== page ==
Professionalism 101

You’ve probably heard the word “professionalism” thrown out in many different contexts, but what does acting professional actually entail? Professionalism spans far beyond dressing well or having an impressive resume. Rather, the way you act in your academic, extracurricular, and professional life can have far-reaching impacts on those around you and your own future. Breaking down professionalism into the categories of communication, character, and conduct can help to pinpoint specific actions you can take to up your professionalism game.


Communication: Often, you make your first impression over the phone or email. People notice the way you communicate, so make sure to take advantage of your opportunity to impress!

  • Make sure you have a clear voicemail message and that your voicemail box is not full
  • When you do miss a call, make an effort call back within the day
  • Your email address should be simple and contain some form of your name; if it looks anything like or, you should probably reconsider
  • While you may have friendly relationships with professors or others in your network, it’s still important to communicate maturely, leaving out slang and texting language
  • Finish your emails cleanly and consistently, with a pre-set email signature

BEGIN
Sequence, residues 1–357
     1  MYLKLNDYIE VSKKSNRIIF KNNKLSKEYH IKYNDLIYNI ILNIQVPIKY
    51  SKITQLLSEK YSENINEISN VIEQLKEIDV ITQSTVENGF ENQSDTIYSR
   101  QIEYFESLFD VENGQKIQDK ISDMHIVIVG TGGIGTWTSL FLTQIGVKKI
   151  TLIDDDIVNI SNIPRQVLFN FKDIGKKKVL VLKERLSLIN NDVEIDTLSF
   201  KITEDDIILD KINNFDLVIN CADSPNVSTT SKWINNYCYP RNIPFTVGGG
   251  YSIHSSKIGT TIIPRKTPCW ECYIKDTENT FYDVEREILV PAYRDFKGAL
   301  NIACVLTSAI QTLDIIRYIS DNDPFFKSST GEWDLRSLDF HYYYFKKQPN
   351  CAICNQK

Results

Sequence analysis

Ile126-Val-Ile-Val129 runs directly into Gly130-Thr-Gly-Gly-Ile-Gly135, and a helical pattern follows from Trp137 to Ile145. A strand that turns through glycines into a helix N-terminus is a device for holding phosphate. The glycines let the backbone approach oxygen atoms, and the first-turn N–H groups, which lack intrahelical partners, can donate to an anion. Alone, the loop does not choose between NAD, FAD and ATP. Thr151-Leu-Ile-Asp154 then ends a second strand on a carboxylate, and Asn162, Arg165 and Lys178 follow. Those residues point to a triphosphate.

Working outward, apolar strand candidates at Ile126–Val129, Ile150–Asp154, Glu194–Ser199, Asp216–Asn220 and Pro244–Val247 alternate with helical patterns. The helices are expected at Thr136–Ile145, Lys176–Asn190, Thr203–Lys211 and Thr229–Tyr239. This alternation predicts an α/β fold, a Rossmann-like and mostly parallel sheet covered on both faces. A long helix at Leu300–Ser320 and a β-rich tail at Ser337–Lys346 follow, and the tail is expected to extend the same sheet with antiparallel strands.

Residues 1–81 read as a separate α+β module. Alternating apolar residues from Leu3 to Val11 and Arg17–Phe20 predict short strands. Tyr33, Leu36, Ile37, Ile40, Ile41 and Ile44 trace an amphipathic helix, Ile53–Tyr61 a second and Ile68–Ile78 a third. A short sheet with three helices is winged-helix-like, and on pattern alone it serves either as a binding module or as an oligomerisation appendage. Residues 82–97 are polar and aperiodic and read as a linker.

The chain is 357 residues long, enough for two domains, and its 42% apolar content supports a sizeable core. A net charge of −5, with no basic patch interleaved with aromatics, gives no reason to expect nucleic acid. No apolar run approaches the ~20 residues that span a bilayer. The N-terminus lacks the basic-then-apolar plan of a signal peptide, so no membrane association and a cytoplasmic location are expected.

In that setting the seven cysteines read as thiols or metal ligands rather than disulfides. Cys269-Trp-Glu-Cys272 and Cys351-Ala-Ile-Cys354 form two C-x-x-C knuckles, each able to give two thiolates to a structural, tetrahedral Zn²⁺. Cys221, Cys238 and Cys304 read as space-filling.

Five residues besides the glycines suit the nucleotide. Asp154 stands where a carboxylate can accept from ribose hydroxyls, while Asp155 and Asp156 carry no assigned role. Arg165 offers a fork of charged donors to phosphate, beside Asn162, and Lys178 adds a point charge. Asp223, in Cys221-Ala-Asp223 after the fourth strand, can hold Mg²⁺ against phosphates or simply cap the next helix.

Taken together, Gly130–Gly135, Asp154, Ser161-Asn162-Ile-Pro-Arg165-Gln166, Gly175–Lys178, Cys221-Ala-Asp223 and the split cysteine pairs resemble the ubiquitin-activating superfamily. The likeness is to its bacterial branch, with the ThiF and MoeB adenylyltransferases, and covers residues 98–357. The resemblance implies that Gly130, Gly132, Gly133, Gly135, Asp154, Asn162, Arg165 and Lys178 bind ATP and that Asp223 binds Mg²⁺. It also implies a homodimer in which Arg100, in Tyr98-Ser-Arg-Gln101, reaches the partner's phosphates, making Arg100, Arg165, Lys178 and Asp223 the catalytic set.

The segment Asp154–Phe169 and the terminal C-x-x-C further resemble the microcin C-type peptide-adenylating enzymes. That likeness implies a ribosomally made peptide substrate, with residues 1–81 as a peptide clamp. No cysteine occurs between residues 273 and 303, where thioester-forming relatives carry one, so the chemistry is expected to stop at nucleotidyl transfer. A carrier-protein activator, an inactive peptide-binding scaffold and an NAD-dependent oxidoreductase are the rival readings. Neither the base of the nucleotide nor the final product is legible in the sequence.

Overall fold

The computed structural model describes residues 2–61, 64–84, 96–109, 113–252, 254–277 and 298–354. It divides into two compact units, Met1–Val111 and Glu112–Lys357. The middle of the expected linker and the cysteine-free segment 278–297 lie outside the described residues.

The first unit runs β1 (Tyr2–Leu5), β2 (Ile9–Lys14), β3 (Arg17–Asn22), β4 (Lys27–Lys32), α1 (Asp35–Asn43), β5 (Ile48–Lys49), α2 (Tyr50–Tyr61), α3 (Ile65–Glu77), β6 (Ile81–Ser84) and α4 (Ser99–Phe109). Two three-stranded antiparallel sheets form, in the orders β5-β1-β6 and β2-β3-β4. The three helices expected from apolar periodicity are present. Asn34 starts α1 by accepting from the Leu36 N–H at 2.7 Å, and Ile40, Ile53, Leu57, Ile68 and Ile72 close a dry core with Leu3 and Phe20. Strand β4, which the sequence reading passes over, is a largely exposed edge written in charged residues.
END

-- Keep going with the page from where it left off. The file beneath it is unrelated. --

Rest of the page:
Character: Are you someone that others want to be around? Can your peers and supervisors count on you?  While character is a broad category, it all comes down to respect.

  • Hold yourself accountable, and admit mistakes when necessary
  • Give credit where credit is due
  • Ask for feedback and accept criticism gracefully
  • Be known as someone who encourages others
  • Be honest and trustworthy

Conduct: The way you conduct yourself reveals worlds about your maturity, capability, and values. Below are a few basics, but you’ll be the best judge of if the way you act presents the best version of yourself.

  • Dedicate undivided attention to the task or person at hand; I’ll say it right now: multitasking is a bit of a myth
  • Be punctual; when something comes up, make sure to let those know who will be waiting for you. As Drake said, “Better late than never, but never late is better.”
  • Avoid gossip and petty complaining
  • Do what you say you will and follow through with your commitments
  • Ask for help when needed

Whether you’re after an internship, working in a group project, or just trying to get to know your professors, holding yourself to high standards will help you reach your goals. If you’d like more advice on how to be the best professional you, the Center for Career Development is here for you! Come in for a career coaching appointment for advice on anything from networking to applying to grad school.

By Arianna Dines
Arianna Dines